Right at the July 31st trade deadline in 2015, the Phillies sent outfielder Ben Revere to the Toronto Blue Jays for pitchers Jimmy Cordero and Alberto Tirado. Last November, the Phillies shipped Cordero to Washington after designating him for assignment. The Phillies had protected Cordero on the 40-man roster the previous Winter, but arm issues limited his workload last season and the Phillies decided he was expendable. Cordero, 25, opened the season with Double-A Harrisburg for Washington. Tirado, meanwhile, continues on in the organization, and at just 22-years old, still has a future with the Phillies and opened the year with Clearwater.
Both pitchers were very similar. They were more throwers than pitchers, with high readings on a radar gun, but little idea exactly where the ball was going to wind up. Try as the Phillies might, Tirado still struggles with control, but generally finds a way to get hitters out, mainly by blowing pitches past them. The Phillies may have inadvertently stumbled on a way to get Tirado to be more of a pitcher than just a guy who throws really hard. In the middle of the season last year, they moved him into the starting rotation at Lakewood. Suddenly, Tirado couldn't worry just about throwing hard, he had to worry about pitching deeper into games, using more of his pitch repertoire and finding ways other than blowing a fastball by a hitter to get a guy out.
Even as a starter, Tirado still walked 25 batters in 53 1/3 innings of work, but it was a big improvement. He also still struck out 83 batters over that same span, showing that he could find ways to get guys out. Looking closer, he walked just seven batters in his final 22 innings of work last season, giving hope that he might be on the right path. He also finished with a 2.19 ERA as a starter and a 7-1 record, so the experiment has continued this season with his promotion to Clearwater. The wildness was still there in his first start of the season, when he walked four batters in six innings, but he allowed just three hits and no runs in six innings of work.
Odds are that Tirado's command is never going to be where the Phillies would like it to be, so the trick is going to be whether or not he can get hitters out at higher levels. Hitters at those levels are more patient and will avoid pitches out of the strike zone, which will make Tirado's work much harder. Odds are that at some point, the Phillies are going to have to move Tirado back to relieving, because he lacks a third pitch and those better hitters will have more success against him the more they see him.
What Tirado does have is the exploding fastball that sits in the upper-90s, and a slider that breaks down and away from right-handed hitters and is generally in the mid-80s, giving him excellent speed separation from his fastball. Hitters have trouble with both pitches, partly because Tirado maintains his mechanics and disguises the slider well. What Tirado doesn't have is a quality third pitch. He does throw a change-up, but it's not much of a pitch. Odds are that at this point, he's not going to develop a third weapon to go with the fastball and slider, and without that, he's a reliever long-term.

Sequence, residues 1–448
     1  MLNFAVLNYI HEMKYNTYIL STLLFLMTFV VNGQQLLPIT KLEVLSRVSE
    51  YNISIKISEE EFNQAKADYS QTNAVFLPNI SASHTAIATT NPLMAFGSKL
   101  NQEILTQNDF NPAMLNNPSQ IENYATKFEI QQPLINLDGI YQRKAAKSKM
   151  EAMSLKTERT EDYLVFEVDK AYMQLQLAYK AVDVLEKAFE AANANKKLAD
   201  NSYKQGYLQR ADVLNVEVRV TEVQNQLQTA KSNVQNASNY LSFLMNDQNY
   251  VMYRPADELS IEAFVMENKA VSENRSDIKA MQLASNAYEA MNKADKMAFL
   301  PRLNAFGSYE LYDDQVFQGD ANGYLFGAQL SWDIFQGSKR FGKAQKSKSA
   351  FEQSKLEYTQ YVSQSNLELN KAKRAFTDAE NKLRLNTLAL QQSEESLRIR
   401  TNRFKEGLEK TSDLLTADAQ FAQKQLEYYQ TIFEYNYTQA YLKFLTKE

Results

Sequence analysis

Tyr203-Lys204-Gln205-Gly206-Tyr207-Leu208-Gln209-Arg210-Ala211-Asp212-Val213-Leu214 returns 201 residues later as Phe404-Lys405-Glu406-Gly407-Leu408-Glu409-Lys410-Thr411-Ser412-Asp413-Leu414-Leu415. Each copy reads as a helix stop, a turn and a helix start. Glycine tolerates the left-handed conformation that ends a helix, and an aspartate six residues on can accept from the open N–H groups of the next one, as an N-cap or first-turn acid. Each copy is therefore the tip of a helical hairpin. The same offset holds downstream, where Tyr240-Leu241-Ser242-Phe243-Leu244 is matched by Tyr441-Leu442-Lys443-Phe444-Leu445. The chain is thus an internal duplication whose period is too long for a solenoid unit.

The good news though is that Tirado would still have the ability to be a huge threat out of the bullpen. While teams like to see more command from a closer, the good ones have been able to live with some control issues and still get hitters out; remember a guy named Mitch Williams? That could be the type of pitcher that Tirado winds up being, where he'll scare the Hell out of you one day and be lights out, game over, the next.
At 6' 0", 180 pounds, Tirado doesn't have the big build that screams durability and because of the wildness, Tirado's pitch count tends to rise pretty quickly, which allowed him to reach six innings of work just twice last season. In most of his other starts, he lasted five innings and left with a pitch count in the high-80s. Tirado's inability to limit his pitch count is another reason why he projects more as a reliever than as a starter.
So why are the Phillies continuing to let him start? The added work will be good for Tirado as he tries to get his command issues - pardon the pun - under control. If he does find a way to develop into a potential starter, so be it, but the Phillies will be happy to just give him the extra work for now until they make a final decision on him.
An encouraging sign is that dating back to 2013, Tirado has pitched well against prospects ranked among the Top 20 in baseball, with the best prospects hitting just .225 against him in 236 plate appearances. He's also struck out 21% of the Top 20 prospects that he's faced, while walking 12% of them.
When hitters do manage to make contact, they're primarily hitting groundballs against Tirado, but not by the type of percentages that would be ideal.
There's a lot to like about Tirado, but the clock is going to start clicking now, since the Phillies added him to the 40-man roster to protect him in the Rule 5 Draft last December. Tirado burned the first of three options this Spring when he was sent out by the Phillies, meaning that each of the next two Springs they can ship him out again. The timing will work out okay, as long as his progress isn't slowed and he can move a level each season and be ready for the majors to open the 2020 season. If things slow down for Tirado, the Phillies will have a tough decision to make on him at some point down the road.
|2012||GCL Blue Jays||1||2||2.68||11||11||0||37.0||28||12||11||0||12||34||2||1.081||6.8||0.0||2.9||8.3||2.83|